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Analysis-What’s next for Italy’s coalition after Berlusconi’s death?


By Angelo Amante and Giuseppe Fonte

ROME (Reuters) – The death of Silvio Berlusconi will send shockwaves through his Forza Italia party, a member of Italy’s right-wing coalition, but analysts believe it could provide a chance for Prime Minister Giorgia Meloni to strengthen her leadership.

Media tycoon Berlusconi founded Forza Italia when he entered politics in 1994. The party always relied on his charismatic leadership, and saw its support dwindle in recent years as health issues limited his political commitment.

Forza Italia is currently the junior partner among the three main parties in the coalition and is seen as a more moderate force compared to Matteo Salvini’s League and Meloni’s Brothers of Italy.

The support of Forza Italia’s 62 lawmakers between the upper and lower house of parliament is crucial for Meloni to maintain a solid majority, but there is scepticism that the party can find a leader able to avoid a break up.

“Forza Italia may die with Berlusconi, it is difficult to replace him, this is a monarchy that ends with the king,” Giuliano Cazzola, a former lawmaker who was elected in parliament with Berlusconi, told Reuters.

Analysts believe Forza Italia members will increasingly be tempted to shift allegiance to other parties without Berlusconi keeping them afloat, giving Meloni leeway to snap up lawmakers and broaden her party’s ranks.

“I expect Brothers of Italy to be attractive to Forza Italia members,” Lorenzo De Sio, a politics professor at LUISS University in Rome, said.

The relationship between Berlusconi and Meloni repeatedly came under strain since they won general elections together last year. They clashed over the war in Ukraine and he was spotted describing her as overbearing, arrogant and offensive.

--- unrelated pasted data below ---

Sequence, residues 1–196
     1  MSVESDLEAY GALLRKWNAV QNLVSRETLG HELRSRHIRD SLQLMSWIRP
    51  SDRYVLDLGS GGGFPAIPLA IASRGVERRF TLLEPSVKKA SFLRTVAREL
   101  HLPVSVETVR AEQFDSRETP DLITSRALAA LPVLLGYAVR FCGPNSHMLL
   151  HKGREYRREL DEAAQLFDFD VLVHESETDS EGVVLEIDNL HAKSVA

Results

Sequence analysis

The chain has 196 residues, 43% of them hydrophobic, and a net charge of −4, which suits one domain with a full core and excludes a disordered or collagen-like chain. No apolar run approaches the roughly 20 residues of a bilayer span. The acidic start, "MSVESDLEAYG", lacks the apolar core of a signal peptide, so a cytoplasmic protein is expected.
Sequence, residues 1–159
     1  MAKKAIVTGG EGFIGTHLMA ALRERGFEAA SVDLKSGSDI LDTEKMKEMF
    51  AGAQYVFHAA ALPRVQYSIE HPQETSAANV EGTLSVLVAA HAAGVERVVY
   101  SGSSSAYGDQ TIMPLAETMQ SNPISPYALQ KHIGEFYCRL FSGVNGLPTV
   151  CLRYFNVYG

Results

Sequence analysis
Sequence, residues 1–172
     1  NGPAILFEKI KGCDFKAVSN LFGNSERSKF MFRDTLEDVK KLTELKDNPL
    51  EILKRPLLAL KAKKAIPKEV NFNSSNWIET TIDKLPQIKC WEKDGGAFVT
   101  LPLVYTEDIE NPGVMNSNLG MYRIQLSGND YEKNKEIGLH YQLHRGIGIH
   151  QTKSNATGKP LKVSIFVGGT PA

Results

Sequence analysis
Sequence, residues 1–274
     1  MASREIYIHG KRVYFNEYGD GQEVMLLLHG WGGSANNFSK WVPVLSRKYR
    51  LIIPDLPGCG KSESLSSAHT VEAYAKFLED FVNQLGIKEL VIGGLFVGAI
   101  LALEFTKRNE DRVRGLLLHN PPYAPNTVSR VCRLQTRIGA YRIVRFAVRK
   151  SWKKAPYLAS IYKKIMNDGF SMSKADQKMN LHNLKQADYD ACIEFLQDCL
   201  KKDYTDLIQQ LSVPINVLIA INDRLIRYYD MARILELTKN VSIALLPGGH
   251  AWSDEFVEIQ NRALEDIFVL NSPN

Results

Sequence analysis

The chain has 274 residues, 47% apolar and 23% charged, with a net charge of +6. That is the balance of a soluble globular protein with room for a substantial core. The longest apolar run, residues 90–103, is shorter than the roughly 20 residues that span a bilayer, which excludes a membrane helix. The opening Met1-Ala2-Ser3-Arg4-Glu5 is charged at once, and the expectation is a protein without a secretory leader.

But the way Berlusconi shaped the rightist bloc in the last decades paved the way for Meloni’s climb to power.

The heirs of the post-fascist Italian Social Movement (MSI) – which Meloni had joined in her youth – joined Berlusconi’s coalition in the mid-1990s, taking cabinet posts for the first time.

That triggered a long process which ended up in a merger between Forza Italia and MSI’s heir Alleanza Nazionale in a single party. Meloni eventually left it in 2012 to co-found Brothers of Italy.


Brothers of Italy presents itself as conservative, but often draws criticism for maintaining the old flame symbol of the original MSI and media occasionally publish photographs showing fascist memorabilia in the offices of some regional politicians.

Eugenio Pizzimenti, a politics professor at Pisa University, said Berlusconi’s death could lay the ground for Meloni to give up for good her party’s post-fascist roots and usher in a new political force.

“They would also need a ‘makeup’ at the international level to show they are ready to become a full conservative party. If Meloni plays it that way, she has a good game,” he told Reuters.

Antonio Tajani, the foreign minister and deputy prime minister, is Forza Italia’s most senior figure within the government but analysts and politicians doubt he would be able to take over as leader.

He is widely seen as a reliable figure and has strong European Union credentials following a long career in Brussels, but Pizzimenti believes he could only help Forza Italia’s transition to a new Meloni-led conservative party.

Investors are optimistic about Meloni’s prospects. Althea Spinozzi, fixed income strategist at Saxo Bank, said the risk associated with investing in Italy can decrease with a downsized Forza Italia.

However, analysts do not rule out a political successor to Berlusconi may eventually still emerge from his family, complicating Meloni’s efforts to cement her leadership.

His eldest child, Marina, who has chaired Berlusconi’s holding Fininvest since 2005 and is aged 56, would be the frontrunner to take on the reins of the party in case the family decides to remain active in politics.

Analyst De Sio said Marina Berlusconi could take the field to preserve the family’s influence in the Italian politics.

“She would be in competition with Meloni. The key issue is the family’s desire to protect its companies, which are exposed without Berlusconi,” he told Reuters.

(Reporting by Angelo Amante and Giuseppe Fonte; additional reporting by Antonella Cinelli; Editing by Angus MacSwan)

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